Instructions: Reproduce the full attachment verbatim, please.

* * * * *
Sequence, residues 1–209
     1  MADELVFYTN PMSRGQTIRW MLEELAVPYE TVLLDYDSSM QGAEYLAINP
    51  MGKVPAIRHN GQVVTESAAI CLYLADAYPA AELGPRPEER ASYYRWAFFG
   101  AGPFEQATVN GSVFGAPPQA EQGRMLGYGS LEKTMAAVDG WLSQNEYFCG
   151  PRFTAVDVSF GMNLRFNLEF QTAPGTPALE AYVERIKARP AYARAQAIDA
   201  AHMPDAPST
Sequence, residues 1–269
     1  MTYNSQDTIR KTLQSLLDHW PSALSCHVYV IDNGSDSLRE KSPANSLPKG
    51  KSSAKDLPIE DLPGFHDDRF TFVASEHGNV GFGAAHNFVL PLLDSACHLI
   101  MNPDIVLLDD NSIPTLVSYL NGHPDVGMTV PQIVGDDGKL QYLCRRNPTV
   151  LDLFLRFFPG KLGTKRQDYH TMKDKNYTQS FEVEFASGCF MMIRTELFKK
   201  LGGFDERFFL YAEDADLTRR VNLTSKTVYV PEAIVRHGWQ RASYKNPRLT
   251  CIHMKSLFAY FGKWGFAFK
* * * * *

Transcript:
Sequence, residues 1–209
     1  MADELVFYTN PMSRGQTIRW MLEELAVPYE TVLLDYDSSM QGAEYLAINP
    51  MGKVPAIRHN GQVVTESAAI CLYLADAYPA AELGPRPEER ASYYRWAFFG
   101  AGPFEQATVN GSVFGAPPQA EQGRMLGYGS LEKTMAAVDG WLSQNEYFCG
   151  PRFTAVDVSF GMNLRFNLEF QTAPGTPALE AYVERIKARP AYARAQAIDA
   201  AHMPDAPST
Sequence, residues 1–269
     1  MTYNSQDTIR KTLQSLLDHW PSALSCHVYV IDNGSDSLRE KSPANSLPKG
    51  KSSAKDLPIE DLPGFHDDRF TFVASEHGNV GFGAAHNFVL PLLDSACHLI
   101  MNPDIVLLDD NSIPTLVSYL NGHPDVGMTV PQIVGDDGKL QYLCRRNPTV
   151  LDLFLRFFPG KLGTKRQDYH TMKDKNYTQS FEVEFASGCF MMIRTELFKK
   201  LGGFDERFFL YAEDADLTRR VNLTSKTVYV PEAIVRHGWQ RASYKNPRLT
   251  CIHMKSLFAY FGKWGFAFK